Tuesday, November 16, 2010

Gold standard update

Quick update on the gold standard issue (see earlier post here). A few days ago, the New York Times featured an op-ed by James Grant, a fairly prominent financial pundit, supporting the reintroduction of the gold standard. In "How to Make the Dollar Sound Again," Grant claims that "In its utility, economy and elegance, there has never been a monetary system like [the classical gold standard."

What is funny about this claim is that Grant seems to think that monetary systems are to be judged for how they treat money ("[money] went where it was treated well"), rather than how they treat the people who use that money. And the key problem with the gold standard is that it is not so great for the average citizen.

The gold standard forces the money supply to expand at the same rate as the gold supply in a country, which is a rate determined both by the total world supply of gold and by the demand for gold in other countries (either for their own gold standard, or for other uses such as jewelry).
Meanwhile, economic production expands at a rate that is largely independent of the changing gold supply.

This means, almost inevitably, that there will be periods of deflation. Now deflation is not a big problem for the owners of capital (i.e. the wealthy, such as James Grant), but it is rather unpleasant for those who have any form of debt (i.e. most Americans). Indeed, the deflation induced by adherence to a gold standard was the single most salient political issue in the 1896 U.S. presidential elections, and produced what has been called "the most famous speech in American political history": William Jennings Bryan's "Cross of Gold" Speech (link includes audio recording of Bryan reading the speech).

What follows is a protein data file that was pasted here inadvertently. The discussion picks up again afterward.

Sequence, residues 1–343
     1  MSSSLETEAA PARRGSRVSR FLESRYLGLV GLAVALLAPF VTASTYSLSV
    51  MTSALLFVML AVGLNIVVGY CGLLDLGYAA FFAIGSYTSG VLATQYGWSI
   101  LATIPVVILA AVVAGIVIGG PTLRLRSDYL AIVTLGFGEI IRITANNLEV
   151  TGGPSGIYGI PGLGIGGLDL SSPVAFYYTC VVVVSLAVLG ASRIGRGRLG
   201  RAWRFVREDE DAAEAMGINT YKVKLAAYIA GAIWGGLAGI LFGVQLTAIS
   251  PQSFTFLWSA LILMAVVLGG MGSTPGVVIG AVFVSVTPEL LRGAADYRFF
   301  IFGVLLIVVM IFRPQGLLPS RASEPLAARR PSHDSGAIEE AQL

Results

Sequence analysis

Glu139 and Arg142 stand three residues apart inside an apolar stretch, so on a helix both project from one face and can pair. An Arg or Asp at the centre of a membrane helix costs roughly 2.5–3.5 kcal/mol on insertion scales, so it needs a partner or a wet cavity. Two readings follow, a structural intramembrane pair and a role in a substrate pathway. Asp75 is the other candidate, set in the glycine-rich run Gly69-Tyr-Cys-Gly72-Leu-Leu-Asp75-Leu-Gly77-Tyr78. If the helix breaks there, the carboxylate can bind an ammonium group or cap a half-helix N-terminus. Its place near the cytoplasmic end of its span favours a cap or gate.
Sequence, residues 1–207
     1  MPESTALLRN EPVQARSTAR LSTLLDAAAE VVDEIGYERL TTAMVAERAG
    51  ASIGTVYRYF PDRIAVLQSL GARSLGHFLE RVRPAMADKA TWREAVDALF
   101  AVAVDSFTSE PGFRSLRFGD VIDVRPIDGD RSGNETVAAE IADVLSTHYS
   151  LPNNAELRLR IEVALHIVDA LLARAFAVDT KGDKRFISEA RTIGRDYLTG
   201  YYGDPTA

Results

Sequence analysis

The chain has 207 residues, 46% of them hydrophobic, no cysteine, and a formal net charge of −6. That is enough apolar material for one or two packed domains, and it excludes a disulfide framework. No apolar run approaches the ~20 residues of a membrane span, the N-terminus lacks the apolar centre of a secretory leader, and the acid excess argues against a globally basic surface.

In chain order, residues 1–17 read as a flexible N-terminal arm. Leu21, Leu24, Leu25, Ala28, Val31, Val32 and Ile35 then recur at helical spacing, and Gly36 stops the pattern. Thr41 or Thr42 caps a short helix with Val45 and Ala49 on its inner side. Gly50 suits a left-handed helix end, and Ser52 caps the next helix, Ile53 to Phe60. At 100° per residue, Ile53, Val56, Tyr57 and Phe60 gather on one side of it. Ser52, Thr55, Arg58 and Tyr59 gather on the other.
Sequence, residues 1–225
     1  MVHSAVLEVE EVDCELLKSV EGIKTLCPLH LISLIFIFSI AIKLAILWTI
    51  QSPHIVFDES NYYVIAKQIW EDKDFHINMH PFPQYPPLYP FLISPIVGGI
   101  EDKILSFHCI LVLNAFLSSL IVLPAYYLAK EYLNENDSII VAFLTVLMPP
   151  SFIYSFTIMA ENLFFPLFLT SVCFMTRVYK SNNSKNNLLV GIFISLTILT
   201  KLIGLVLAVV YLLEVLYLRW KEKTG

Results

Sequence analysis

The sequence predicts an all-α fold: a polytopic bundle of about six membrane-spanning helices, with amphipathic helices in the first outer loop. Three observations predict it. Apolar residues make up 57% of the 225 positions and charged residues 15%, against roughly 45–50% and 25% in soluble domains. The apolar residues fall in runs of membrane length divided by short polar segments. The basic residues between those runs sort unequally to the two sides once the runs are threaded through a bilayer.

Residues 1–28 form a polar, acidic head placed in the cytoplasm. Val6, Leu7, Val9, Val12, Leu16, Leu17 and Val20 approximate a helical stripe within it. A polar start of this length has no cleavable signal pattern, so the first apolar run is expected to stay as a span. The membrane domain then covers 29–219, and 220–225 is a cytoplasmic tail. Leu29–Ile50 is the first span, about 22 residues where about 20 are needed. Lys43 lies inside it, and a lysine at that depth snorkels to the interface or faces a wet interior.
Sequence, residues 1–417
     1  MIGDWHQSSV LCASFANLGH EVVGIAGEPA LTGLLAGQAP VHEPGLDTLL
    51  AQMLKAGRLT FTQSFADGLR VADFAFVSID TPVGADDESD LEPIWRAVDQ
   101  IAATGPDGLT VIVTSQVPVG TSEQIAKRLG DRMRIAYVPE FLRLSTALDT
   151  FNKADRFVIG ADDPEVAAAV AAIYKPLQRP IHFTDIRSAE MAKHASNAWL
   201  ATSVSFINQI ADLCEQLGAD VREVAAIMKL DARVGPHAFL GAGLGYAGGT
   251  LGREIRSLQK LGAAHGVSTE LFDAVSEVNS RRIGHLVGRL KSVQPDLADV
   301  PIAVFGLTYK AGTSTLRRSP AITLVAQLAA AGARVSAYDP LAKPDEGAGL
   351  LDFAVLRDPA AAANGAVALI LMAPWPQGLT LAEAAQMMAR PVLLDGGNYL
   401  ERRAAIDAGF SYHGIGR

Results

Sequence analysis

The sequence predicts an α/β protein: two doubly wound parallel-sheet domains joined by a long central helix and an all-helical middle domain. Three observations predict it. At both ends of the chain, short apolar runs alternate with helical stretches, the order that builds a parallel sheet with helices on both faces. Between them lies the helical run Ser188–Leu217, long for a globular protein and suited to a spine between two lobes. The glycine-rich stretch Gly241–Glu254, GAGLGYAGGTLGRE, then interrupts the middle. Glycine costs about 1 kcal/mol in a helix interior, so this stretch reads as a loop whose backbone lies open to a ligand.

Grant disingenuously cobbles together some random anecdotes and factoids to suggest that a reintroduction of the gold standard would be a good idea today. I do not know why the NYT deigned to publish his piece, but I think the concluding paragraph of Bryan's speech is a fitting rejoinder:

"If they dare to come out in the open field and defend the gold standard as a good thing, we shall fight them to the uttermost, having behind us the producing masses of the nation and the world. Having behind us the commercial interests and the laboring interests and all the toiling masses, we shall answer their demands for a gold standard by saying to them, you shall not press down upon the brow of labor this crown of thorns. You shall not crucify mankind upon a cross of gold."

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